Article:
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A.3. Chapter 4

1. Here's one way to do it:

print "What temperature is it? ";
chomp(\$temperature = <STDIN>);
if (\$temperature > 72) {
print "Too hot!\n";
} else {
print "Too cold!\n";
}

The first line prompts you for the temperature. The second line accepts the temperature for input. The if statement on the final 5 lines selects one of two messages to print, depending on the value of \$temperature.

2. Here's one way to do it:

print "What temperature is it? ";
chomp(\$temperature = <STDIN>);
if (\$temperature > 75) {
print "Too hot!\n";
} elsif (\$temperature < 68) {
print "Too cold!\n";
} else {
print "Just right!\n";
}

Here, we've modified the program to include a three-way choice. First, the temperature is compared to 75, then to 68. Note that only one of the three choices will be executed each time through the program.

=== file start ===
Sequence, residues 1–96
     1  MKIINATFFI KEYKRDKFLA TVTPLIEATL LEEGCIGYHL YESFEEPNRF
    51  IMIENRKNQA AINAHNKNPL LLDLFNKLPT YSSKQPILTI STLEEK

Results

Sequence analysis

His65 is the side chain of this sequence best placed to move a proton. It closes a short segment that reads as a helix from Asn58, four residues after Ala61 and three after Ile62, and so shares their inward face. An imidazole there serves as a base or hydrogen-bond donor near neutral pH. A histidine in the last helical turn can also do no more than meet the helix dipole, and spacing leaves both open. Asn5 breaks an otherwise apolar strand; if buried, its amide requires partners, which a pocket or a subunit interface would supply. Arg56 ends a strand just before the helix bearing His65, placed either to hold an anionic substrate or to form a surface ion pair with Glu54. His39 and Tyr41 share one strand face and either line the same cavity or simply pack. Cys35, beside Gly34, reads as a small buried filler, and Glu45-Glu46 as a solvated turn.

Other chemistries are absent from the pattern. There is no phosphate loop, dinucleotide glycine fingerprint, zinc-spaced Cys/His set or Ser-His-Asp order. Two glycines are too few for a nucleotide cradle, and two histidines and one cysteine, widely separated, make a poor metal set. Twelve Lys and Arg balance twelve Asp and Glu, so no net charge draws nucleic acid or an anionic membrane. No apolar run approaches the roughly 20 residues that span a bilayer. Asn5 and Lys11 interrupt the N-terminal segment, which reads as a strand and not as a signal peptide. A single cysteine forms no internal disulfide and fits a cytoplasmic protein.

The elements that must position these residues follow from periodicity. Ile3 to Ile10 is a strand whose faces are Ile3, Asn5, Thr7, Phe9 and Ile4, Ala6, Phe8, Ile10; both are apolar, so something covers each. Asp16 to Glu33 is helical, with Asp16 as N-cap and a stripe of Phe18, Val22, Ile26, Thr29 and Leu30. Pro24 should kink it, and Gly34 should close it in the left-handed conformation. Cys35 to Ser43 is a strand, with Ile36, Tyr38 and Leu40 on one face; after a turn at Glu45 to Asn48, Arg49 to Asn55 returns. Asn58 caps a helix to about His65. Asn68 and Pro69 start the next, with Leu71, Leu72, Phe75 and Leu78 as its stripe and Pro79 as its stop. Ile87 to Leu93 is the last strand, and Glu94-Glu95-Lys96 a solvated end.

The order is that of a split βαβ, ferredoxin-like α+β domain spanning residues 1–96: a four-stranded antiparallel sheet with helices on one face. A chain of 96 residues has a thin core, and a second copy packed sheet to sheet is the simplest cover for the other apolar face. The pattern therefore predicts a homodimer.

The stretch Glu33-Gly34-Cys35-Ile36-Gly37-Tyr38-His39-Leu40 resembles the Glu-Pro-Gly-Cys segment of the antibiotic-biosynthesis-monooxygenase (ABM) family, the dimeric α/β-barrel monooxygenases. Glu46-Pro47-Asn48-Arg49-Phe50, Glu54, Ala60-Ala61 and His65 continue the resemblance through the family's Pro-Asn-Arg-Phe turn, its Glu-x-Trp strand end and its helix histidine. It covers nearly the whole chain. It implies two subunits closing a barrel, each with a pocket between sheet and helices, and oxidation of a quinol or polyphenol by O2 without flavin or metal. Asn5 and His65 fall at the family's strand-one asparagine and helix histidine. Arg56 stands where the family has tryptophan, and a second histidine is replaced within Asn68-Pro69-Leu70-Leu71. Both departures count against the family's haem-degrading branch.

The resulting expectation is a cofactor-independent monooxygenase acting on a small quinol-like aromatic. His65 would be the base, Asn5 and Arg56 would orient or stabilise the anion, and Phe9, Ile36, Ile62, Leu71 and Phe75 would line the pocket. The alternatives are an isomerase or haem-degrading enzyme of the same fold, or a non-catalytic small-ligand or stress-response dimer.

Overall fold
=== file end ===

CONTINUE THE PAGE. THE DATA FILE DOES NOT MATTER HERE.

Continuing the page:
3. Here's one way to do it:

print "Enter a number (999 to quit): ";
chomp(\$n = <STDIN>);
while (\$n != 999) {
\$sum += \$n;
print "Enter another number (999 to quit): ";
chomp(\$n = <STDIN>);
}
print "the sum is \$sum\n";

The first line prompts for the first number. The second line reads the number from the terminal. The while loop continues to execute as long as the number is not 999.

The += operator accumulates the numbers into the \$sum variable. Note that the initial value of \$sum is undef, which makes a nice value for an accumulator, because the first value added in will be effectively added to 0 (remember that undef used as a number is zero).

Within the loop, we must prompt for and ...

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